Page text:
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kirby coeWhether it’s coming up with the best design for a Formula 1 race car or understanding the effects of atrial fibrillation on the heart, developing the right simulation model for research sometimes involves equal parts applied math, engineering and computer science.

University of Utah School of Computing professor Mike Kirby sees himself as the person who connects these disciplines so he can take trailblazing ideas and help create better simulation software to aid researchers.

“They’re the pathfinders,” he said of the engineers he works with every day, “and I’m right behind them building the bridges that connect them with good computational tools and rigorous applied math.”

In order to help scientists build the right simulation tools for their work, Kirby, along with research partner, Imperial College London computational fluid mechanics professor Spencer Sherwin, has created an open-source software package called Nektar++ that enables engineers and industry professionals to create better simulation models for aerodynamic to biomedical applications.

Kirby is currently working with the U.S. Army, for example, to help engineers simulate the effects of “vortex structures,” the swirling clouds you sometimes see behind the tip of an aircraft wing. In the case of helicopters, the giant rotor creates these vortices that move downward, which can weaken the aircraft body. Army engineers want to know how that continual “shock” might ultimately affect the body over time, so Kirby and his team are using Nektar++ to recreate air flow along a wing similar to a helicopter rotor and then providing the software code to Army engineers who can use it in their own simulations.

“The end goal is to have computational tools that allow designers to do what-if experiments,” said Kirby, who is also the associate director for the University of Utah’s School of Computing. This can help engineers understand what design changes need to be made so helicopter bodies can be more robust or so Army officials can implement new policies to better protect the aircraft.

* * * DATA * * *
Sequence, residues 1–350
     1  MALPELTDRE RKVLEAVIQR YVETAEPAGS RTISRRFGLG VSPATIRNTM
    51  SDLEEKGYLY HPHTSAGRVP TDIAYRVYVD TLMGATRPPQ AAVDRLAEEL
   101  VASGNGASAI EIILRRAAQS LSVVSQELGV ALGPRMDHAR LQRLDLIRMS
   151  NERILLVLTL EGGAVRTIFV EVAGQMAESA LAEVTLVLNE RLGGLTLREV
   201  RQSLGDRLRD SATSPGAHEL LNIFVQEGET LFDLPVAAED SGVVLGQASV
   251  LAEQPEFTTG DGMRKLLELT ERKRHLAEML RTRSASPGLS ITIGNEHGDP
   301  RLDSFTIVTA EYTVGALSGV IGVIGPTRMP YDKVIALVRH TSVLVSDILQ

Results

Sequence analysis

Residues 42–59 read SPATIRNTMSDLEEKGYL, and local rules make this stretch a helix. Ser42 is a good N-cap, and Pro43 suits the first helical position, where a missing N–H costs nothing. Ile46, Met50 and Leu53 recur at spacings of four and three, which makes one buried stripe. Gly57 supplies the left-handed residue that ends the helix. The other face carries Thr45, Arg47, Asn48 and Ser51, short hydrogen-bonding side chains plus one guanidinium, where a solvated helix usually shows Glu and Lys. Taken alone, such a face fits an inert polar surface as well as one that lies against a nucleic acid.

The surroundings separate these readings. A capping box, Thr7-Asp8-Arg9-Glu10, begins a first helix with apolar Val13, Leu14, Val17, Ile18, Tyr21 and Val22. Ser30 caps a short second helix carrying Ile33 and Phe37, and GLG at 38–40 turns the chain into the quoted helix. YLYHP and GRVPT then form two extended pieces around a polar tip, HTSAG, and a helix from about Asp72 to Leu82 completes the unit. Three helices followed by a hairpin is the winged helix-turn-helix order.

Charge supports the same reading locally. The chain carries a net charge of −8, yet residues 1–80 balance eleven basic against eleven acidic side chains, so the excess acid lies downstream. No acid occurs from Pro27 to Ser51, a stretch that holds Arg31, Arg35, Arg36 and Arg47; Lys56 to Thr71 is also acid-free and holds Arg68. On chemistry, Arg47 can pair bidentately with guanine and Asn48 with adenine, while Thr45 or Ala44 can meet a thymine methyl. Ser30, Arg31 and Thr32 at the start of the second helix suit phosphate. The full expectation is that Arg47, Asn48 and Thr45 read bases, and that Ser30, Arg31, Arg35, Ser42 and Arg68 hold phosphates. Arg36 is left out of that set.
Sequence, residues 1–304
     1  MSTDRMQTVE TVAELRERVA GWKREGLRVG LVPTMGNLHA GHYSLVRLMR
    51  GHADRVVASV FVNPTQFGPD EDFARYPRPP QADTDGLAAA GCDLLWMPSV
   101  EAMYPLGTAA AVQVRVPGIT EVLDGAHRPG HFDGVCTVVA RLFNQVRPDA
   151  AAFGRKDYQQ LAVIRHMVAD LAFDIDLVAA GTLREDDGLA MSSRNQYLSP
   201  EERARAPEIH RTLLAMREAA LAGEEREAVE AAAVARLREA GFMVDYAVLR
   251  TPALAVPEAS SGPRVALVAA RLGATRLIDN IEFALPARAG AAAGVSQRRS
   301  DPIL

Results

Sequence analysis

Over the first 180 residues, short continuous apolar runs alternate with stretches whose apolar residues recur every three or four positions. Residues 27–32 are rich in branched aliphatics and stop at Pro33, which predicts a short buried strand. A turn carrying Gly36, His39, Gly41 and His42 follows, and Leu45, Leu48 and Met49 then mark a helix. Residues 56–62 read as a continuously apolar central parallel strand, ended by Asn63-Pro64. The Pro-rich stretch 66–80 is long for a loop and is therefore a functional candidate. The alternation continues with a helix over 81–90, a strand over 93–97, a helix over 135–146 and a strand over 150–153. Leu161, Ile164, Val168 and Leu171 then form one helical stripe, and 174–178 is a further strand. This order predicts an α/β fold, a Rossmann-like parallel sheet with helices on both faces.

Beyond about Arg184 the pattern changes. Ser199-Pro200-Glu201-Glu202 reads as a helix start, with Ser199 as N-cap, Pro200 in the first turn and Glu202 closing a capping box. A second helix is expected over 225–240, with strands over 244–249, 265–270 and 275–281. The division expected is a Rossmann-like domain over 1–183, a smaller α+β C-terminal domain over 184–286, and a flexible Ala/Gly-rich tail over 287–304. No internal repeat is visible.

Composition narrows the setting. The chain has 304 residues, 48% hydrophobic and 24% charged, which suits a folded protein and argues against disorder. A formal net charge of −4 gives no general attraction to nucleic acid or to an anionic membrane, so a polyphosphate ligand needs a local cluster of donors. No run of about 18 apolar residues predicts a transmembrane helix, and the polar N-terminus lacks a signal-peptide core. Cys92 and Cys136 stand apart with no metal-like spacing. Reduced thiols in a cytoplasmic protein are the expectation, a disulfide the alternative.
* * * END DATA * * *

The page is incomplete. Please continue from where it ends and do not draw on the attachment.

Nektar++ is also being explored by car manufacturer McLaren Automotive for designing better Formula 1 race cars that produce less air drag and can hug the track better. The front wings of the famous car type are designed to create downforce to prevent it from flying up. The wings also can create those same vortex structures so the swirling air can create downforce when they strike the rear wheels.

For decades, McLaren has been using in-house proprietary simulation software to study air flow around their race cars. They now are exploring Kirby’s software and his partner’s expertise to make better simulation models for future car designs.

“They acknowledge that they are starting to reach the limits of their current in-house computational tools, and they’re exploring higher-fidelity tools, one of which is ours,” Kirby said.

The software also is being used by medical researchers to better understand what happens to the heart when it goes into atrial fibrillation (an irregular heartbeat). In addition, a UK manufacturer which produces jet engines for aviation is turning to Nektar++ to help its engineers design the next generation of turbines. Both Kirby and Sherwin have expressed interest in starting a new consulting firm that would work with companies who want to use Nektar++.

With Kirby’s educational background — dual master’s degrees in applied mathematics and computer science and a doctorate in applied mathematics at Brown University — he turned out to be the perfect bridge builder that ties those disciplines to engineering. At the U, he became a faculty member of the university’s Scientific Computing and Imaging Institute in addition to the associate director of the School of Computing, and he is an adjunct professor in both bioengineering and mathematics. He was also named one of 2016’s Funded Research Honorees for the university.

“The university wanted me to be the best I can be here, and they weren’t going to try and put me in a box,” he said. “This has been a great university to be at.”

Article as it appears in the College of Engineering Alumni Research News.